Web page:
Earlier this month, Q Daily 好奇心日报, a Shanghai-based website, was ordered to halt original news reporting, which the authorities called “illegal news information services.” Founded in 2014, Q Daily is known for its relatively progressive coverage on public issues.
Permits for online news and informationservices are required by the Cyberspace Administration of China (CAC). While — technically — any website that publishes news or information about anything requires such a permit, enforcement has traditionally been spotty.
But in these tightening times for media, we can expect “illegal online news and information services” to be a more frequent charge against companies or people who publish information the Party does not like. There are three types of permit for legal online news and information services in China:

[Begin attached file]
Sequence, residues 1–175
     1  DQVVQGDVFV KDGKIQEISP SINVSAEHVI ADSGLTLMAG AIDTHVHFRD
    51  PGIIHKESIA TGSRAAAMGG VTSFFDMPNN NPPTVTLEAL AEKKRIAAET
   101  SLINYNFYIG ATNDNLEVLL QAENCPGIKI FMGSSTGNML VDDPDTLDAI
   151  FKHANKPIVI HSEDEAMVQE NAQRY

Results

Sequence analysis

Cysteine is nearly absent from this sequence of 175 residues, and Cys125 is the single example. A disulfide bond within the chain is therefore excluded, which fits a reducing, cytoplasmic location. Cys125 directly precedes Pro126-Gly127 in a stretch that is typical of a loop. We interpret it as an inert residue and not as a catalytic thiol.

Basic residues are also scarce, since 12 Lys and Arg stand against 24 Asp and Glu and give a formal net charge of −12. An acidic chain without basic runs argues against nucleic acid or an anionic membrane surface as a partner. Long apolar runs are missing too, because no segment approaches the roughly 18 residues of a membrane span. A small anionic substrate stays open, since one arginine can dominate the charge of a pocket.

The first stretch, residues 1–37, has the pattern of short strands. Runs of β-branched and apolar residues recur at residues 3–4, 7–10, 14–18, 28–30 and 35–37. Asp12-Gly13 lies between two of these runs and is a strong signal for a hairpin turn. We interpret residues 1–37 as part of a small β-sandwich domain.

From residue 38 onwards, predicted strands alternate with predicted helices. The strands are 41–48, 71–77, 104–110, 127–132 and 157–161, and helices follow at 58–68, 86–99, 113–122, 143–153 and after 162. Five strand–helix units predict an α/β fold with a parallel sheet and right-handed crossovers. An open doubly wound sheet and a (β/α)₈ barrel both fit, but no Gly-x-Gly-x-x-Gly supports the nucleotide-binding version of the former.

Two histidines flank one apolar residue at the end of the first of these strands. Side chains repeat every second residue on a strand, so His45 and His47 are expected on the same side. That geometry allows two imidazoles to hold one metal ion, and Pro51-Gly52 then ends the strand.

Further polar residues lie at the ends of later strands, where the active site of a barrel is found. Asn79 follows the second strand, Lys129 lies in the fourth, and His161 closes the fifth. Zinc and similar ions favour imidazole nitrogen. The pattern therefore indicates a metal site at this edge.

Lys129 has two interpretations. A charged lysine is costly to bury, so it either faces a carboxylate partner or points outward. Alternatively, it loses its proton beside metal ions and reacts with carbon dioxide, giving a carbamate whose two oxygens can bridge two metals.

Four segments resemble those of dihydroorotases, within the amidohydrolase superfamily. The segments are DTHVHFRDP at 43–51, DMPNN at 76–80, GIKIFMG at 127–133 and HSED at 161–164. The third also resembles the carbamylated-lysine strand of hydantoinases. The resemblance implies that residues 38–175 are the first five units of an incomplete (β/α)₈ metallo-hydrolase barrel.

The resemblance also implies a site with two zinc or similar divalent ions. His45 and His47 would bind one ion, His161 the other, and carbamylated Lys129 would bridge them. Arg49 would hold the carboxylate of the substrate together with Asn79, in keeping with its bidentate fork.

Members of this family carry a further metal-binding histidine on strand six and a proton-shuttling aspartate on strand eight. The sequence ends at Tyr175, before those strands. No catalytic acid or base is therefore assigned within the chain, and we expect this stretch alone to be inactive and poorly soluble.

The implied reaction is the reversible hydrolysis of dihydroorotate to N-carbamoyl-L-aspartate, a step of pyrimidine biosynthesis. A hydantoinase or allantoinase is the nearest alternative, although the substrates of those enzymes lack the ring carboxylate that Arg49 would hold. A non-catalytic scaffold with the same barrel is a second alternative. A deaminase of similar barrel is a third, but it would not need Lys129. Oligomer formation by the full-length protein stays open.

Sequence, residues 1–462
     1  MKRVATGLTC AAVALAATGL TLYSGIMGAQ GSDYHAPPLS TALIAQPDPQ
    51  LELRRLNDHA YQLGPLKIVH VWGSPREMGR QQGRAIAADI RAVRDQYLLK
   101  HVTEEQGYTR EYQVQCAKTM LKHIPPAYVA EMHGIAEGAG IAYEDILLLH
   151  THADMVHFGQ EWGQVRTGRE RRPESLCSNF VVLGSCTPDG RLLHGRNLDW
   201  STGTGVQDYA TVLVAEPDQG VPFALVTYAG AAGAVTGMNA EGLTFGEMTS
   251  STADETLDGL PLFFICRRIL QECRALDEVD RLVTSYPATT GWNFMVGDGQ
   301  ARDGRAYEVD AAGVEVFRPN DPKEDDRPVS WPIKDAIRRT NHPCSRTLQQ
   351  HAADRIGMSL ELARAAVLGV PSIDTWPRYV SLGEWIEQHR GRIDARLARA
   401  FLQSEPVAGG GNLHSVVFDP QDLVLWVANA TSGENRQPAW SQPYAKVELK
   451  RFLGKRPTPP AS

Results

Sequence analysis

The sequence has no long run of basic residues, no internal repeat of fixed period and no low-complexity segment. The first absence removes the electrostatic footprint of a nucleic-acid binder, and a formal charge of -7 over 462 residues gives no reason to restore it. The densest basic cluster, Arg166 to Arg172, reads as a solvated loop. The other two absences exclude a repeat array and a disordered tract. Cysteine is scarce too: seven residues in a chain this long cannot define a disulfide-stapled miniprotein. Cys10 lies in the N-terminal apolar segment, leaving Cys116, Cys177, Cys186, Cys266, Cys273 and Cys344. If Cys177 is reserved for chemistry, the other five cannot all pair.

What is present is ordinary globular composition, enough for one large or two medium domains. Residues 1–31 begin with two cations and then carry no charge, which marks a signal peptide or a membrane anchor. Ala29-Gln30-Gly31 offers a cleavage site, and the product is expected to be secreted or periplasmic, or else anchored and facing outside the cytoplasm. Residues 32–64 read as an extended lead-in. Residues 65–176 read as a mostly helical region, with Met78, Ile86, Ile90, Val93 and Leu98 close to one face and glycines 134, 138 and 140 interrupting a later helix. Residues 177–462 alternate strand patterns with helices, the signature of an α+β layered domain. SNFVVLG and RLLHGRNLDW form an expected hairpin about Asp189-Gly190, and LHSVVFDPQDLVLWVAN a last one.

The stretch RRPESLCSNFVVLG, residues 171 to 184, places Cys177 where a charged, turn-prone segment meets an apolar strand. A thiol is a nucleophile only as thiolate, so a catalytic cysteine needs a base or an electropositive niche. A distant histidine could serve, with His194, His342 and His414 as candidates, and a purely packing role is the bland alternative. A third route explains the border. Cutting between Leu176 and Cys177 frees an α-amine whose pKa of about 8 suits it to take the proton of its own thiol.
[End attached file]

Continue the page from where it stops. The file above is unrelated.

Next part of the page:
Editing and publishing (采编发布服务 cǎibiān fābù fúwù) — required for original reportage. Although this permit is technically required for any original reporting, fashion websites are unlikely to get into trouble for reporting on new designs — unless that reportage is in some way objectionable.Forwarding and reposting (转载服务 zhuǎnzǎi fúwù) — news aggregation, such as found on commercial news portals, including Sina, Tencent, Netease, and Phoenix. Words of the aggregated stories may not be modified if stories are reposted.Information dissemination (传播平台服务 chuánbō píngtái fúwù) — this is for user-generated content and social media such as Weibo, WeChat, and any site and app that allows individual users to create and aggregate content.
A state media insider has written a guide to these permits and how to get them for SupChina: Click through for more on the rules for legal news in China.